Dealing with Separation Anxiety in Children

In the early exploration stage of less familiar places and people (around 8 months – 2 years old), your child may experience an intense anxiousness and reluctant to be separated from their parents or caregivers. Tantrums, crying, clinginess are some of the common child’s distress signs when you say goodbye to your child or leave him/her in the places when daddy or mummy leaving is expected (e.g., school, child care center).

Separation anxiety in children is a healthy reaction to the separation from their caregivers. However, parents with special needs children may face challenges when communicating about their temporary leaving but will return later. Despite separation anxiety often fades by the age 2 years, it is also worth to take note that children with developmental delays or special needs may underdeveloped in their ability to form secure attachment and to be separated from their caregivers.



How to Deal with Separation Anxiety in Your Child?


  • Practice Brief Separation

Brief separation helps to ease the transition from one setting to another. Parents can start the practice by leaving your distressed child in a new environment for a brief period (e.g., 5 minutes) and short distance (sitting behind the classroom) while gradually increase the time and distance. Consistent practice and patience are importance during this training period.

  • Structure Goodbye Ritual

A simple hand waving or a goodbye kiss prior to leaving your child can be reassuring; especially for children with special needs who often needed structure to master the world around them.

  • Avoid Scolding Your Child When He/She is Upset

It is normal for parents to experience intense stress when your child behaves in a way to avoid being separated from their loved ones (e.g., crying, throw tantrums). To deal with your child’s distress, it is important for to be patient and simply acknowledge their anxiety and distress. Sometimes a hug and rub your child’s back gently can be useful to reassure your distressed child.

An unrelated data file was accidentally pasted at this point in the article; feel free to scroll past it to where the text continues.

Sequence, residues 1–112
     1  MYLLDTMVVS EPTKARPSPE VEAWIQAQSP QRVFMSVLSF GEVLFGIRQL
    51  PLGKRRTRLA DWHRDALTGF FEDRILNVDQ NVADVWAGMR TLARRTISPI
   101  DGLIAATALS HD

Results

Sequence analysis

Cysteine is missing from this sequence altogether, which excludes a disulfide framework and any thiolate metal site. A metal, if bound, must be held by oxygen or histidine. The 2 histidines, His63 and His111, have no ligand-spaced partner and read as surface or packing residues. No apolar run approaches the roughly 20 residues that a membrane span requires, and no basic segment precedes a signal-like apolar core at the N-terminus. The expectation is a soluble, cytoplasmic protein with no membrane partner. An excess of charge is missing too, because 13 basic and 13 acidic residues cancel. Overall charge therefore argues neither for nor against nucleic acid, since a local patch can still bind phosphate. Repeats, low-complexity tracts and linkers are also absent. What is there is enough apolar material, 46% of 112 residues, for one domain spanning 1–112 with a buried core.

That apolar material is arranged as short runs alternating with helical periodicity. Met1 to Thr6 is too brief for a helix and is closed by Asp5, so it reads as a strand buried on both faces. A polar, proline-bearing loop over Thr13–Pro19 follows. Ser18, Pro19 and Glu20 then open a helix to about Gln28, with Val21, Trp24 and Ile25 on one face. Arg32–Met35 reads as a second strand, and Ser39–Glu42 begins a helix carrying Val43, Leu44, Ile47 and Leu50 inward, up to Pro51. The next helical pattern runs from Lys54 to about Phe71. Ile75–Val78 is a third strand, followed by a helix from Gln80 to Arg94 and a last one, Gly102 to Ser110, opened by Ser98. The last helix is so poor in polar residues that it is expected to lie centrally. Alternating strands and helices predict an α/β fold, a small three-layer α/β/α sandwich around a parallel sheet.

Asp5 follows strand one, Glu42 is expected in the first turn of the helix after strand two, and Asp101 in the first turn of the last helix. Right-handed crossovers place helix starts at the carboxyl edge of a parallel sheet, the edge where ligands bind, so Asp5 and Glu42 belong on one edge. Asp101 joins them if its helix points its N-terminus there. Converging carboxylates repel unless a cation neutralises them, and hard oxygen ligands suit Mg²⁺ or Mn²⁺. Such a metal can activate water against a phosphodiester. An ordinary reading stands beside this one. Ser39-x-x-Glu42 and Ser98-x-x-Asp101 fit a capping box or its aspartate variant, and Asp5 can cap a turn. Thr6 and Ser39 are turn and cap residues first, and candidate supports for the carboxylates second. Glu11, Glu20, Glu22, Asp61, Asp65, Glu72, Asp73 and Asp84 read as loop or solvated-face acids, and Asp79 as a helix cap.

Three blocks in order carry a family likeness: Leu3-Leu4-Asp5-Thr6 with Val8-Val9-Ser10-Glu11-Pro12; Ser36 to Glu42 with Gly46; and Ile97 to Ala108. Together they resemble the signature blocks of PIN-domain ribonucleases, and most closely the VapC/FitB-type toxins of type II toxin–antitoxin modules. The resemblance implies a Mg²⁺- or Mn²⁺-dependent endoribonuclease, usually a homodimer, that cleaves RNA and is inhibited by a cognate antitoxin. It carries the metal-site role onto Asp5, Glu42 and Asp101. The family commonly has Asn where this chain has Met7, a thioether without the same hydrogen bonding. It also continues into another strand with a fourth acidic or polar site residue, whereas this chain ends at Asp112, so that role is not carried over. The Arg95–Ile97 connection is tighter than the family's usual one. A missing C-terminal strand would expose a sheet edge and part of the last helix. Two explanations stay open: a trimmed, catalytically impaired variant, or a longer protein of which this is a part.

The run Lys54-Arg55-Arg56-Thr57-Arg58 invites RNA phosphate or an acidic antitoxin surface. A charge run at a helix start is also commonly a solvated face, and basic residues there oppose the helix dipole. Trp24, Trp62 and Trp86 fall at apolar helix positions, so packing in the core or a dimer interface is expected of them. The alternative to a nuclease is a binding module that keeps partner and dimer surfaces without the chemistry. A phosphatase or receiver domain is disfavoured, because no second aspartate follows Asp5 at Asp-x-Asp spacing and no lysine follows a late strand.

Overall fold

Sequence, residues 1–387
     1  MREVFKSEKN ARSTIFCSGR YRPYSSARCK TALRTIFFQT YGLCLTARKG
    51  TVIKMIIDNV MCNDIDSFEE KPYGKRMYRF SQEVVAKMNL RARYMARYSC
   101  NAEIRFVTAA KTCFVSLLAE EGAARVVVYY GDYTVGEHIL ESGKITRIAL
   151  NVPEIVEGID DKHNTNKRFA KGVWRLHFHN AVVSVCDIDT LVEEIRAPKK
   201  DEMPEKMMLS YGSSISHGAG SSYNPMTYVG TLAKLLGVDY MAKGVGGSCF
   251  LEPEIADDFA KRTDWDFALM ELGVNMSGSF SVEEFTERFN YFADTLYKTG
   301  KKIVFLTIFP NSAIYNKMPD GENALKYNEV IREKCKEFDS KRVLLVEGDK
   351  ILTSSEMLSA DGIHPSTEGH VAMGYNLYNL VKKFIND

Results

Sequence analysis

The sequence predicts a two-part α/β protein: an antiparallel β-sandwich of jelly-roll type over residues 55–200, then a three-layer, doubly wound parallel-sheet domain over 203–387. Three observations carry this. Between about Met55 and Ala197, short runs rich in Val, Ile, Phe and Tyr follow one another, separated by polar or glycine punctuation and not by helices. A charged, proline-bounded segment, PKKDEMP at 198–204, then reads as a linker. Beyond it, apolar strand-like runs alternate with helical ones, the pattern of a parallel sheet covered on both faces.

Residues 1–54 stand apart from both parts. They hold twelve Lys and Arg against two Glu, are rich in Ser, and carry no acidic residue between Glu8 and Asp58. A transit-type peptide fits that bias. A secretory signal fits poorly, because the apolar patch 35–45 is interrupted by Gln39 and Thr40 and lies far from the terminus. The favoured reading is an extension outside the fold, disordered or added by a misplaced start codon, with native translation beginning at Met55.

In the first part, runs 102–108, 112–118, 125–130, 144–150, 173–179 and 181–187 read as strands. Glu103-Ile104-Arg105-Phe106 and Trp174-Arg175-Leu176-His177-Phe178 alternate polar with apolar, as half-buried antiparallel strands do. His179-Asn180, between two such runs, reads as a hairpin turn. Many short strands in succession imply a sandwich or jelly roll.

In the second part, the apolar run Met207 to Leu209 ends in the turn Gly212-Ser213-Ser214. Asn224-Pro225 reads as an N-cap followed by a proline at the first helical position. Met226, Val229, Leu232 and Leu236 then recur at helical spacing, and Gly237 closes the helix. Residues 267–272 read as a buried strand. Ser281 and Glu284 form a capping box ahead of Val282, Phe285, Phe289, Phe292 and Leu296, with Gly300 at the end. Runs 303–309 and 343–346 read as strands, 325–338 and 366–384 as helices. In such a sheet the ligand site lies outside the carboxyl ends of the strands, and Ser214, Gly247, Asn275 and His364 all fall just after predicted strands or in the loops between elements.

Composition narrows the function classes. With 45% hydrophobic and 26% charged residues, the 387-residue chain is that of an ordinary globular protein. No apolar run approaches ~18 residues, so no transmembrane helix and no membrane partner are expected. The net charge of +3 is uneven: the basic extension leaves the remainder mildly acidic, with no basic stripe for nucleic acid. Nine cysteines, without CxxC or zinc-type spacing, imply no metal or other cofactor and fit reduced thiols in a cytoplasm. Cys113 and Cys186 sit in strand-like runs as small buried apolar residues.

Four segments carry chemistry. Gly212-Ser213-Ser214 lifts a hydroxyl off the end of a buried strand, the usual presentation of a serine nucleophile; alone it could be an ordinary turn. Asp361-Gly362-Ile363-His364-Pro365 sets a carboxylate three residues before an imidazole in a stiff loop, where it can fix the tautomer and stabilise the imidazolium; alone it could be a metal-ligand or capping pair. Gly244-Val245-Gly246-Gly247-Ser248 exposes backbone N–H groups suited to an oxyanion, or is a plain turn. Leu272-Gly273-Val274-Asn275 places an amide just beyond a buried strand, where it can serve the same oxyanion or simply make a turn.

• Keep Up Your Promises

Set a clear expectation for your child, like “I will pick you up at 4pm”, “I will be right outside the door when your class is dismissed”. Always be remembered to follow through on your promises.

  • Language Usage

It is also important for the new care provider (e.g., teachers, babysitter) to avoid using negatively-framed language such as “Your mummy is left”, “She will leave your behind if you keep crying”; instead, use more positive languages like “She will be back at ____pm” and “there’s only two hours left to see your mummy again”.

  • Social Story

Social stories had proven to be effective to assist children with special needs in adapting to their unfamiliar social environments. Prior to a new transition, parents/caregiver can take photos of the places (e.g., classrooms, toilet) or people (e.g., teacher, helper) to prepare your child on what to expect for the rest of the day (e.g., the people that they expected to see, places that are expected to stay without the presence of mummy/daddy).

  • Establish Consistent Limits

Adults’ stress level can contribute to a child’s separation anxiety. Always remember that it takes times for the children to deal with their separation anxiety and establish a sense of independence. Apart from reassurances, it is also vital to practice consistent limits to help your distressed child to adjust to his/her new environment.


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